jason0012

old style 250 pound little giant

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In the not too distant future I should be getting a 250 pound little giant- a really old one (1917). It is the old style with wrap around guides. I have no experience with the old ones like this, and have a few questions for any of you who have worked on them. Are the link arms toggled into the ram like they are on the smaller hammers, or do they pin in like the later ones? How big of a die can I squeeze through those guides? How much of a pain is it not having the vertical adjustment that later hammers have? If I dont get any response I guess I will find out soon enough...

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The design is the same. It sounds like you are going to have your hands full. You should probably call Sid.

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I am waiting to call Sid until I have the thing in front of me. I got to look it over about a year ago and it is all there, but at the time it was going to someone else so I didnt spend too much time on it. Given its age , I am sure it will need some work.

 

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here it is. I have worked on a few newer 250s and 2 - 500# but this style I have only seen in photos. I did own a 25  old style years ago and assume they are similar. I will likely need a few parts from Sid, and hopefully will not need to rebabbitt bearings of this size.....

250 little giant.jpg

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That behemoth is going to set off all the seismographs in the Eastern USA!!!  Wow, that's huge.

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Behemoth? Why its just a little peanut. I wish I had pictures of the 6000# Erie I got to play with in Tulsa.

 

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9 hours ago, jason0012 said:

Now to find a place to put it...

I'm sure I could find room in my garage....

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It is a wrap around guide like the smaller hammers -only different. I have found very little information on it. Sid responded to my questions today and he says they had trouble with adjustments on this model. I have seen several in folks shop photos, but nobody seems to want to comment on using one????

 

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I don't think I've ever seen one like that, the guide almost looks shop built. I haven't seen the one piece frame either.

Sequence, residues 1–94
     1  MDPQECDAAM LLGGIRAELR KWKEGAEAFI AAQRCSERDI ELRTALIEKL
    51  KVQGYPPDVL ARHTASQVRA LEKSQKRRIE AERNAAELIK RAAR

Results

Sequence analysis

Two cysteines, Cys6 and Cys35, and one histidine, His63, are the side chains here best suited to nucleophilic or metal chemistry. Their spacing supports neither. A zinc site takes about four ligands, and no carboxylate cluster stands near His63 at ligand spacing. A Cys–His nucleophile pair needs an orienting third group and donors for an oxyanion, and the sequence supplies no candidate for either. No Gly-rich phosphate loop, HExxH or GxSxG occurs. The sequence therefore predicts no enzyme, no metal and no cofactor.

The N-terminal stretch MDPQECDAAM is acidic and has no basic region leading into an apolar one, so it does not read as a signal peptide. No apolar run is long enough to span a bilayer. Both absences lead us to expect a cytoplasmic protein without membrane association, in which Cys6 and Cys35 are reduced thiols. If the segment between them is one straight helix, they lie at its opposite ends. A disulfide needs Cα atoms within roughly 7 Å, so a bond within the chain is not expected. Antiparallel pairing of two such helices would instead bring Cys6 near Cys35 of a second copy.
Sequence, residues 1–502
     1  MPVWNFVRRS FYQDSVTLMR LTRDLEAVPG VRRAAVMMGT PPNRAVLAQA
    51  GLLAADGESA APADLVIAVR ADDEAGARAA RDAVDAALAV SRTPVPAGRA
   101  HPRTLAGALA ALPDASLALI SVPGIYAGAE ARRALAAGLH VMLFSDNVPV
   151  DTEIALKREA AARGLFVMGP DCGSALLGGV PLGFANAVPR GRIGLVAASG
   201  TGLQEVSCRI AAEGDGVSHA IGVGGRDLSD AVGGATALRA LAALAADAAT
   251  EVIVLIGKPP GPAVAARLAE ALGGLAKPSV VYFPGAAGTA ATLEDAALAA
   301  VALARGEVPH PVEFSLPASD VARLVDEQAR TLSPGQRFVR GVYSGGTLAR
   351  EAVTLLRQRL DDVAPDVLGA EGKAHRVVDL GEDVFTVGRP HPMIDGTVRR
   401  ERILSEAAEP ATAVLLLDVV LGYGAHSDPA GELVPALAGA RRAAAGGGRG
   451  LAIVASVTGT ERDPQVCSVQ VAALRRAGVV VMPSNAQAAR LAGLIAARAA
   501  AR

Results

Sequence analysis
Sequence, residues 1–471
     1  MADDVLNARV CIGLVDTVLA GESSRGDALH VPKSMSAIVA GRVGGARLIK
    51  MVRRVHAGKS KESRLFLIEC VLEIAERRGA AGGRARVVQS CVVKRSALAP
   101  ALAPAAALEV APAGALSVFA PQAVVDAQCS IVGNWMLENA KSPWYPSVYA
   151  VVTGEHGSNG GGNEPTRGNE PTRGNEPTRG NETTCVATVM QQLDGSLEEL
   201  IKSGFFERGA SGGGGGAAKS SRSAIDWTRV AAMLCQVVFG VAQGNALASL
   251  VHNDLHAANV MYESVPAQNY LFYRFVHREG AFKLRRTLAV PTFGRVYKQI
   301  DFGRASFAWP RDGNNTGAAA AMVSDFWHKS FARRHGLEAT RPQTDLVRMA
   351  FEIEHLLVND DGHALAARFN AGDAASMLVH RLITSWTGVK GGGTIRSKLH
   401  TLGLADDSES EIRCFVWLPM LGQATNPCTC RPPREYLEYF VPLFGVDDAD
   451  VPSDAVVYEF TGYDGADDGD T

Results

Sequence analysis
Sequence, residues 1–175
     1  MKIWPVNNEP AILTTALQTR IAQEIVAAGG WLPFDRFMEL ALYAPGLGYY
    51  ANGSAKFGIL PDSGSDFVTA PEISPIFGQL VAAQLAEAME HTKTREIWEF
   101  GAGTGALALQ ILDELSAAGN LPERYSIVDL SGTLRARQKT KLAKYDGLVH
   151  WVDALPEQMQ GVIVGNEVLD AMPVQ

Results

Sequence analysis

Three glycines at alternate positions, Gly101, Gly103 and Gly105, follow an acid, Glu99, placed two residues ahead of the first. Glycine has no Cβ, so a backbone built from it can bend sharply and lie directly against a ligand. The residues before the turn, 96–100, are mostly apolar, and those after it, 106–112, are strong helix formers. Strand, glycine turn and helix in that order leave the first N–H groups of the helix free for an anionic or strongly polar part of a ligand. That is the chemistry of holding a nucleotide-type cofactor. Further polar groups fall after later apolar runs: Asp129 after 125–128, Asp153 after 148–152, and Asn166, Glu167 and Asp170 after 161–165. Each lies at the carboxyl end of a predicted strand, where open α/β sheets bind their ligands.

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It is a 1918. I think it was the second year for the 250? The guide is similar to the smaller hammers, but rather than holding a front/back V, it catches the corners of a somewhat square ram.

 

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I went to visit the beast today. I am clearing a spot at the shop for the old girl and caught a few photos. I thought I took more? Oh well, it will be home soon enough... It does have a crack in the frame, with a repair. That doesn't look bad. It looks like the dies are a tad short, but obviously have been used quite a lot. The whole thing is caked in grease, which bodes well for the bearings.

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The guides seem complicated, composed of several movable components. Basicly it is a double V guide though like a steamer would have used. It looks like a pretty solid design, but with lots of opportunity for collisions.

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Power Hammers are like Harley's, if they ain't leaking oil, THEY ARE OUT of it!  Put a brake on that puppy & you should have a great hammer ;-)

 I think the dies just need to be surface ground to get them flat & the edges  rounded and you should be good to go I would lube it up good & run it slowly to see if there is any bad wear or anything & if it seems good I would run it as is. You might talk to your local welder with lot's of cast iron welding skills about welding in the crack. Bad thing about LG hammers is their cast quality sometimes ain't all that good.

Dave H.

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the brake is laying under my welding table, i have about 50 pounds of nickle rod, and amazingly, there is still green paint under the oil and grease

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Weld-mold offers a whole bunch..  If you contact them they might be able to point you to the right rod for the job..  I have a rod selection sheet out in the shop.. 

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